All Academic, Inc. Research Logo

Info/CitationFAQResearchAll Academic Inc.
Document

Analysis of Discourses Encompassing the 'Migrant Mother' Picture
Unformatted Document Text:  2 Analysis of Discourses Encompassing the ’Migrant Mother’ Picture Represented in Four Different Genres in The 1930s 1. Introduction From the beginning of photography history, a photographic image was believed as an unmediated copy of the real world. The belief was originally invented by the technological nature of photography -- capturing an image without human intervention. In this point of view, the photographic image was conceived as having only a meaning as it is - that is, a fixed meaning. Since the 1960s, this so-called myth, however, has faced a serious challenge. Roland Barthes (1977a), a French semiologist, emphasizes a ‘cultural context’ in the interpretation of a photographic meaning. He argues that the photograph does not just carry a denoted message, but also connoted meanings, which are culturally determined. Thus, according to Barthes, a photographic image is ‘polysemic,’ which means that it hosts several possible meanings instead of one fixed meaning. The polysemy of a photographic image is said to be controlled by the contexts in which the image is placed or used: internal and external. First, an internal context refers to caption, text, and/or other photographs encompassing a photograph. Second, an image’s external context is also considered as a determining condition of a photographic meaning. The external context is usually defined as an institutional channel, such as a newspaper, a magazine, billboard or museum gallery, through which a photograph is circulated or placed (Barret, 1996). That is, an individual image has meaning within a particular discourse which is created by its interaction with caption, text, and a presenting agency (Stange, 1981). This paper investigates, through a historical case study, how a photographic image embodies different meanings in respectively different discourses by analyzing its internal and external contexts. For this study, I chose Dorothea Lange’s ‘Migrant Mother’ picture (Figure 1), which is said to be one of the most reproduced photographs in documentary history. The Migrant Mother picture, a photograph of a mother and three of her children in a migrant worker’s camp, was taken by Dorothea Lange. She worked for the Farm Security Administration that was created as a part of New Deal in the 1930s. She was documenting, with camera, migrant farm workers, who were driven by unemployment, drought, and the loss of farm tenancy. Among these photographic documents, the most impressive and moving work is the Migrant Mother picture (Fleischhauer & Brannan, 1988). In the Migrant Mother picture, mother’s right hand delicately touches her lower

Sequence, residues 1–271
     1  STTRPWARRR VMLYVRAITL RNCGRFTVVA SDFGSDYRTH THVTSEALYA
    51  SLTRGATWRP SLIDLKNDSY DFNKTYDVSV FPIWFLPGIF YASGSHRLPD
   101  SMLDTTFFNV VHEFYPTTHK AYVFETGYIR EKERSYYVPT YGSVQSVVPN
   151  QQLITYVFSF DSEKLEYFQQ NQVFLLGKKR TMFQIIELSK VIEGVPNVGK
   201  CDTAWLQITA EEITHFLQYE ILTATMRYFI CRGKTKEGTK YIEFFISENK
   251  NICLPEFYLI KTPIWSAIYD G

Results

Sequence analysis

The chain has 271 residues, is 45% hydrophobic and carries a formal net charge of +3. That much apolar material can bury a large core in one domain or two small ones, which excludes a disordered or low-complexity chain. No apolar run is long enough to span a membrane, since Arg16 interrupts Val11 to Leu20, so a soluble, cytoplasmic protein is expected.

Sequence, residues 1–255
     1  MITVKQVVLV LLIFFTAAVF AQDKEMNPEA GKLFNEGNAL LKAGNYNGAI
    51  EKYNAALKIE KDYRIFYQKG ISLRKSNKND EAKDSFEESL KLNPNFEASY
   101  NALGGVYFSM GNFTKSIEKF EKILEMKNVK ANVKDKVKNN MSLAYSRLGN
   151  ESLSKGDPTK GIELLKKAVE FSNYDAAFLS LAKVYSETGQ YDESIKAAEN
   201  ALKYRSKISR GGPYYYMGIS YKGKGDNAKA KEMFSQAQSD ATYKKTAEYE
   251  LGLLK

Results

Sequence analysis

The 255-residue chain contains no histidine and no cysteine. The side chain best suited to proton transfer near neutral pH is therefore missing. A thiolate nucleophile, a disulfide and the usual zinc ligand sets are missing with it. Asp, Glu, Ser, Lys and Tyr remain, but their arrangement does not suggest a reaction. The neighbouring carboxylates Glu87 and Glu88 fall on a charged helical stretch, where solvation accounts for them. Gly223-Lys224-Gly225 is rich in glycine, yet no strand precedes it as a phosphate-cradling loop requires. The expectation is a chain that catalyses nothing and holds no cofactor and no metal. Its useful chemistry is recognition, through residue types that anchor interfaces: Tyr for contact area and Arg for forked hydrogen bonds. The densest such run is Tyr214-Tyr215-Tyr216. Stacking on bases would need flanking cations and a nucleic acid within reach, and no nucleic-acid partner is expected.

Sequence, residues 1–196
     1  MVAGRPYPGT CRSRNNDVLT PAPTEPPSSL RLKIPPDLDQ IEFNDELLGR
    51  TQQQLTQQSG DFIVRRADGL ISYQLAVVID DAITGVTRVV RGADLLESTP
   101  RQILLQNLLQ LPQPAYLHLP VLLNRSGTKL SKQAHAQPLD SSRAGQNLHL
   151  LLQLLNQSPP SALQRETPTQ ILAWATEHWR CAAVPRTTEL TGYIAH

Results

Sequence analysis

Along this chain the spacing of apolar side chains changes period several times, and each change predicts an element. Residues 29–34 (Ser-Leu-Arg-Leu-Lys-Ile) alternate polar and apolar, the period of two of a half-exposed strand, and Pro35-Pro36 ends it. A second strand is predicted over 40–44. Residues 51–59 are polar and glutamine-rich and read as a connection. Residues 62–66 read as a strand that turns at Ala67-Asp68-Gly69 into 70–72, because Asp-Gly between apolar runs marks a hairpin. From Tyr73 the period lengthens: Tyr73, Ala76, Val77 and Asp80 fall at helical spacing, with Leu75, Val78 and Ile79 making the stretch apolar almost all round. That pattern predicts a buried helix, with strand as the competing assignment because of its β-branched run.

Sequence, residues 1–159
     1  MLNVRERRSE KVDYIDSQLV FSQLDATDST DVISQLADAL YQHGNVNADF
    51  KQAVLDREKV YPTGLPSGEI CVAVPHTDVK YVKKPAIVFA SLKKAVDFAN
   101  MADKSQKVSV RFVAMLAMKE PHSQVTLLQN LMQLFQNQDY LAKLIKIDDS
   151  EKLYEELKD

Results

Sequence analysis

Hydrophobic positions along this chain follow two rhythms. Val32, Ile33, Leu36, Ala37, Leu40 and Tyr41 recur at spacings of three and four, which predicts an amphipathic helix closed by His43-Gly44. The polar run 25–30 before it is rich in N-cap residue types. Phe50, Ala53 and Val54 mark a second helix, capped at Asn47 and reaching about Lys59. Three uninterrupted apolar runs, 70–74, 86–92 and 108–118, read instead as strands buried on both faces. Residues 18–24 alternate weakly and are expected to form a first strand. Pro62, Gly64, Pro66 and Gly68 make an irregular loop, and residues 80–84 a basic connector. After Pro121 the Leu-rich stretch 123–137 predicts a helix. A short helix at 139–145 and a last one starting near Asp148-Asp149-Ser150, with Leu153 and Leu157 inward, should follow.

Authors: Choi, Hyunju.
first   previous   Page 2 of 18   next   last



background image
2
Analysis of Discourses Encompassing the ’Migrant Mother’ Picture
Represented in Four Different Genres in The 1930s
1. Introduction
From the beginning of photography history, a photographic image was believed as
an unmediated copy of the real world. The belief was originally invented by the
technological nature of photography -- capturing an image without human intervention. In